Friday, April 24, 2009


Wow! This place was amazing, I've never seen so many colors, some of them so vivid it's hard to describe. Reds so deep that the entire bloom is just a blur, combinations, variations, patterns, it was an awesome experience. And I am such a flower guy.... not. :)

We did a tour package purshased in the city about 2 blocks (unless you follow Tom-Tom's directions) from Amsterdam Centraal. It was a little pricey, but it included the bus to the gardens and back, and the admission ticket, so we were able to avoid the long lines and the insanity of parking - ok, yeah, we didn't drive out, but still.

We had a couple of options on the tour, a shorter one which was a couple of hours and a longer one which was almost 6 hours in the gardens. When we chose the longer one I was really wondering what the heck we were going to do in a tulip garden for almost 6 hours, but it turned out to be exactly enough time for us to stroll comfortably through, stopping to look at the beautiful beds of flowers and to enjoy all the different visual and olfactoral nuances that are Keukenhoff.

It's a little sad that the experience is so fleeting, but the gardens are only open a few weeks each year, so, if you can, plan your trip to Europe in the Spring. It's a little cool at night still, but you won't regret the visual experience of Keukenhoff.

We weren't in Amsterdam very long, well long enough for me to stubbornly follow Tom-Tom's directions until we very nearly missed our tour, a story best untold, but what we saw walking to and from the tour office and along the bus ride was lovely.

And then there was this amazing parking structure, three levels, for bicycles!

Ya gotta love Europe, I know I do.

I have a few more pictures of the garden, maybe I'll add a slide show if I can get Mrs Murphy to show me how, she's way more blog-savvy than me.

Saturday, April 18, 2009


Yes, we're in Amsterdam! It's amazing, really, to think all of these places I've heard about, read about, are so close. Of course it didn't seem so close yesterday, with the train delays it ended up being about a 9 hour trip door to door from home to the hotel, but all in all it wasn't an unpleasant journey.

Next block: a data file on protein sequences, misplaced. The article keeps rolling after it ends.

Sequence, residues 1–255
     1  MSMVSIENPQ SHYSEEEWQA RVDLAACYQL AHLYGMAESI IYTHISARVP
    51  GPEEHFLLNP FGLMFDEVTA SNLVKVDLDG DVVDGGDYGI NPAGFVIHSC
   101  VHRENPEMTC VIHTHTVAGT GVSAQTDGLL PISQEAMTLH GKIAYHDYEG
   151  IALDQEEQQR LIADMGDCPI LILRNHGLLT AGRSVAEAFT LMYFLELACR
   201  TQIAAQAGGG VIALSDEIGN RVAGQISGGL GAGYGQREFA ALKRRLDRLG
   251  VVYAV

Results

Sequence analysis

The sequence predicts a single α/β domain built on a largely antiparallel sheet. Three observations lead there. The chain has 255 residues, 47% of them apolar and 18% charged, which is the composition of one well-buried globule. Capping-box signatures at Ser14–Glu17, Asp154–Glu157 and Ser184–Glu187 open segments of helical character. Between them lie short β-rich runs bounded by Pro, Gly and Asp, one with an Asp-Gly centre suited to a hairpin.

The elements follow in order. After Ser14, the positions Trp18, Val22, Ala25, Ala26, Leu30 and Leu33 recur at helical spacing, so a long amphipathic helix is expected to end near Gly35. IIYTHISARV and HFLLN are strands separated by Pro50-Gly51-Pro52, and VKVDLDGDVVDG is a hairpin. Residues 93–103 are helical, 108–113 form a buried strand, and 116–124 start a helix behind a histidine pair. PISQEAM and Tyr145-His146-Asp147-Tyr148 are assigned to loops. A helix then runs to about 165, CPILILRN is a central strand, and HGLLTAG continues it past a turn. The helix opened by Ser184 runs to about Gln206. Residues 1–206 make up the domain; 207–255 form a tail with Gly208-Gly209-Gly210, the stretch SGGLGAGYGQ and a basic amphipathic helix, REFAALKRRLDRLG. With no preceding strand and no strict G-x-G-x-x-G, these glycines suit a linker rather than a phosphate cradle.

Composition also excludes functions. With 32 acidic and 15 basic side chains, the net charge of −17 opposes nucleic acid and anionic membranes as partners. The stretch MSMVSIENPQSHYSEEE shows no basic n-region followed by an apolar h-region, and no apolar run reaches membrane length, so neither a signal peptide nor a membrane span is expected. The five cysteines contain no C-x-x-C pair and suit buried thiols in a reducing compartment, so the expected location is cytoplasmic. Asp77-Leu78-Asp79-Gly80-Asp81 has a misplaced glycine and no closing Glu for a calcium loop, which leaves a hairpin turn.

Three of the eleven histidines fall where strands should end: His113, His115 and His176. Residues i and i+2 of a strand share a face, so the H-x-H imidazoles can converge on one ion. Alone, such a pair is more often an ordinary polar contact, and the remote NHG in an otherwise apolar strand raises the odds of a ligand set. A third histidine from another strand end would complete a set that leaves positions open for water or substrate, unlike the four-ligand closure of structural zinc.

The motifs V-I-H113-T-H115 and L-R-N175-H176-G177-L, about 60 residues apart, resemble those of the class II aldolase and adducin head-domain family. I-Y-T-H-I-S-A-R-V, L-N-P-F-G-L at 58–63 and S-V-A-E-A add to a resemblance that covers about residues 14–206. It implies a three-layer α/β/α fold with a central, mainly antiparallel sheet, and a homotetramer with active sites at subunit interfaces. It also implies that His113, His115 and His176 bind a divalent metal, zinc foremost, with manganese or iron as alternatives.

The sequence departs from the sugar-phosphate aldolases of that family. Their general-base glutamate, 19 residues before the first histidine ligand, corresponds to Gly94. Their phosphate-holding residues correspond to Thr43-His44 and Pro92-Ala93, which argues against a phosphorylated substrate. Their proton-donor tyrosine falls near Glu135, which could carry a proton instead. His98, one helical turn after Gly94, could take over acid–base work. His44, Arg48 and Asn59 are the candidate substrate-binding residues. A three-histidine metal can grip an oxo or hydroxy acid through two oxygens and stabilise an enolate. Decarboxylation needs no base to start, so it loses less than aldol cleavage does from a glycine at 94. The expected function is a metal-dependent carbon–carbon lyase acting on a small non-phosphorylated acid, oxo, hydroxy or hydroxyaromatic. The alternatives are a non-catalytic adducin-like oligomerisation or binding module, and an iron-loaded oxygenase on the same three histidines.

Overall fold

We're using our Eurail Global Passes to travel and we have to make reservations for the international trips. This week we had some challenges getting seats from Heidelberg to Amsterdam, but Julia worked it out at the train station. Heidelberg to Frankfurt, Frankfurt to Duesseldorf, Duesseldorf to Ultrecht, Ultrecht to Amsterdam Schiphol Airport, and shuttle bus from Schiphol to the hotel. Even though we were about 30 minutes late departing Frankfurt, and another 30 minute late departing Duesseldorf, we still had a pretty smooth trip.

We're staying at the Hotel Schiphol A4, a 4-start hotel about 10-15 minutes from the airport. We're in a 'quad room' which is kind of intriguing. In standard configuration it has sleeping for 4 in one big room, with the toilette/water closet off the main room. Sparsely furnished but roomy, and they added a fifth bed - so we're all in one big room, but it's just two nights and we're not here for the hotel. :)

Today we're headed for Keukenhof to take in the colors of 7 million bulbs during their Summer Bulb Weekend, it's gonna be a lot of fun!

Being Smarter than the Shower

Everyone keeps asking me, "So how's the family adjusting to Europe?" and my response is always the same, "they're loving it!" And I think that's absolutely true, at least that's what they tell me, and sometimes it's easier for dad to just take everyone at face value. Now that's not to say there aren't challenges and adjustments....

There's no QuikTrip around the corner which means no fountain Diet Cokes at any hour of the day.

There's no Diet Coke! This has not been a very good thing as most of our family dearly loves Diet Coke. There is Coke Light, but I'm sorry even a non-connoisseur such as myself can tell the difference, and in this case, change is not necessarily for the better.

In most places everything closes at 7 or 8 pm, and almost everything is closed on Sunday - yes I think that's a good thing, but closing at 7 does reduce the 'convenience factor', in fact, surprisingly in this day and age, there doesn't seem to be that drive to suck the money from your wallet 24 hours a day, 7 days a week. You see people out after dinner walking their dogs, riding their bicycles, walking in the park, kayaking on the river, *LIVING* and not shopping. I think it's awesome...

And things generally are just different here, space is more of a premium because the green areas are more jealously protected. In the USA it's all about sprawl, but here, at least in our area, we don't see that. So there is an inherent need for efficiency. A lot of those things we used to look at in the Ikea back in the USA and say "what on earth is that?" or "why doesn't this work in my shower?" make sense now. Most of the time if we just pause and think things through it makes sense, or at least you can see the logic behind the design, there really is some amazing engineering to be seen here. Don't get me started on the windows....

Sometimes though, we have to work to be smarter than the shower. Last week we were in Paris - an amazing experience but more on that later - and in our hotel bathrooms we had shower heads but no shower curtain. There was like this half glass wall that covered half the length of the tub, but I don't think any of us ever actually figured out over the 4 days how to use the shower without spraying the bathroom to some extent. Some of were less successful than others, but we'll leave that be for now. :)

So for this week, to the chagrine of some and for the entertainment of most, our favorite line is "Try to be smarter than the shower!" Of course we're in Amsterdam today to see the Tulips at Keukenhof so I'm sure we'll pick up a new quote for next week. Stay tuned!